Into the tavern, up to the bar.
"Mike," he said with a low bark - almost a moan if such a thing is possible.
The man behind the bar gave him a look and shook his head.
"Loretta's gone again, huh?"
"No sir. My nerves call for whiskey. Five years of this shit, and I've definitely earned whiskey."
The bartender complied, and almost as soon as the glass hit the bar, Jake snatched it up and high-tailed it to a back booth. The bar was empty this morning except for the usual crowd, who went by the name of Abner and who had lived through a mustard gas attack during the war, much to his regret. Once in the booth, he kicked up his feet, tasted the whiskey (he hated it) and pulled a small book and a pencil out of his coat.
Twenty minutes later found the glass empty and a few pages of the notebook filled with bits and pieces about love lost and the rarity of pure and true love and all the other things that cross a poet's mind after his wife has left him for, he was assured, the last time. In fact, he actually believed that this time was the last time. He read it in her face and even now could feel the hollow ache in his heart. The ache of finality.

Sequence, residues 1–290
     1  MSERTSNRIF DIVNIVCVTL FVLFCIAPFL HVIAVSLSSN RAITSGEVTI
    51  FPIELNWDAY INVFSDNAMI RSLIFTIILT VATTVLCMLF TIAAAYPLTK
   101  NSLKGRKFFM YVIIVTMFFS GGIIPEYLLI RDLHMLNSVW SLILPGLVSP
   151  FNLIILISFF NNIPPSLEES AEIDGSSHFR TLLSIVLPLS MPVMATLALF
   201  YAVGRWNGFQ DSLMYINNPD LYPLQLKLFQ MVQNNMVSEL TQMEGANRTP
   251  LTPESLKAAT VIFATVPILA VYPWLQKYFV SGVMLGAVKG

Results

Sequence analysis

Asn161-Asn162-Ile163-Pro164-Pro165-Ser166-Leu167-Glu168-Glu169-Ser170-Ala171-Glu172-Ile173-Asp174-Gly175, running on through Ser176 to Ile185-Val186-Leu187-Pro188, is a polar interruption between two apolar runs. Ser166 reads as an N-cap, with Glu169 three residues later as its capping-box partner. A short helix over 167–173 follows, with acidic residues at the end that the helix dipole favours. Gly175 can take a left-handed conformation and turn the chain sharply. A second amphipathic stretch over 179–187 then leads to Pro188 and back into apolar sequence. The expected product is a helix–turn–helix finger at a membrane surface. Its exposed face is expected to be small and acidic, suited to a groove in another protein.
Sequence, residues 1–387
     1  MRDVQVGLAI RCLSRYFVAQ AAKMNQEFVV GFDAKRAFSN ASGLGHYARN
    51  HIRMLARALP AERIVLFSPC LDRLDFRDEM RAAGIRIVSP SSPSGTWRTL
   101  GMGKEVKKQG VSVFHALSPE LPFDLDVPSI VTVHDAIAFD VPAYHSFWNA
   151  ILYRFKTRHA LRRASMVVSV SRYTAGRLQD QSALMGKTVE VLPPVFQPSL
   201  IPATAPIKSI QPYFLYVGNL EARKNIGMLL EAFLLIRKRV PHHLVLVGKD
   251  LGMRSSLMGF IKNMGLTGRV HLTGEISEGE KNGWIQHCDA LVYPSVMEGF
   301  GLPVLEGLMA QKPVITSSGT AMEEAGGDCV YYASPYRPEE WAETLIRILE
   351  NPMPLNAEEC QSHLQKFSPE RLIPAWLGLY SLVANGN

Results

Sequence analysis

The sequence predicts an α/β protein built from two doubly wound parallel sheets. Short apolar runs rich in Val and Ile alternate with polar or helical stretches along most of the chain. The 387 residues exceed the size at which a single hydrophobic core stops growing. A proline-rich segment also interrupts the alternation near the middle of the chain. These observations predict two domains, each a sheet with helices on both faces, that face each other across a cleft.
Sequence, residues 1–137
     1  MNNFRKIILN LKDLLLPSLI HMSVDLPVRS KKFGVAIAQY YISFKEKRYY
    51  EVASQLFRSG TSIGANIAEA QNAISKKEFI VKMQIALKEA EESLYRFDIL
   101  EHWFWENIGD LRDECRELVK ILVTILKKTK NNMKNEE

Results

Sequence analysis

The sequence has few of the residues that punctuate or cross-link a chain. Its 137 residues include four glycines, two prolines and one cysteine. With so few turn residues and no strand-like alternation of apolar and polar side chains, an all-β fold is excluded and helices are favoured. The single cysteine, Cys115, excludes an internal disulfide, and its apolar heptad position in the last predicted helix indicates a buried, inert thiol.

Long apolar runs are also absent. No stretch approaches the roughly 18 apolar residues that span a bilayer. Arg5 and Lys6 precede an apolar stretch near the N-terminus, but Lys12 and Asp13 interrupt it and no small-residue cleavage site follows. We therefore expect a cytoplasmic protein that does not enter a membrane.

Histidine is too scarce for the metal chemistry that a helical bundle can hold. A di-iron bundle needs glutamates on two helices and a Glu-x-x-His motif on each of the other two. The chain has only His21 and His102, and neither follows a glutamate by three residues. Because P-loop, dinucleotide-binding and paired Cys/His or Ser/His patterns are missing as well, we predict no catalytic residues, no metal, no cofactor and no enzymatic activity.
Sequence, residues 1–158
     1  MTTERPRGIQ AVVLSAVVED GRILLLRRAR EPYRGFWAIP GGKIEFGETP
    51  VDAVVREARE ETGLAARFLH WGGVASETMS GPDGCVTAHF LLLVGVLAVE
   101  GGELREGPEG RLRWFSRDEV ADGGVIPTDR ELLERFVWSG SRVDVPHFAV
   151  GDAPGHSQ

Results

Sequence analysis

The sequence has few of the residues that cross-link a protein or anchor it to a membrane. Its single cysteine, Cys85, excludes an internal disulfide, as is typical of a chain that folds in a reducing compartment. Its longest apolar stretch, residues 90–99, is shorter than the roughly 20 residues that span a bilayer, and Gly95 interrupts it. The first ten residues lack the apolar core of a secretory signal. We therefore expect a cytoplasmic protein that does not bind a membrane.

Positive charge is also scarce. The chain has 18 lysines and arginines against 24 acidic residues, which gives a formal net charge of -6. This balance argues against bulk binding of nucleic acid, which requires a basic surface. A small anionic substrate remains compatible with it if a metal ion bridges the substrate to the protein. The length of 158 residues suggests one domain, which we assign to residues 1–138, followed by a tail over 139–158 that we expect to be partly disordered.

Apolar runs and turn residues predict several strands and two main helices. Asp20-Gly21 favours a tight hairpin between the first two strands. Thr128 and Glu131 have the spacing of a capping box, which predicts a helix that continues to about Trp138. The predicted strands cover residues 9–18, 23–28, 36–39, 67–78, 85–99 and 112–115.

Another hour would pass in Pete's Place, two more glasses of whiskey, a somber conversation with Abner, who was foolish beyond his years and wonderfully sad, before Jake was ready to continue with life. He had appointment with a Mr. Brown this afternoon, which promised a fee that would help him pay for the whiskey and the office/apartment and his secretary's salary, such as it was. Jake's heart wasn't in it, but his stomach was insistent.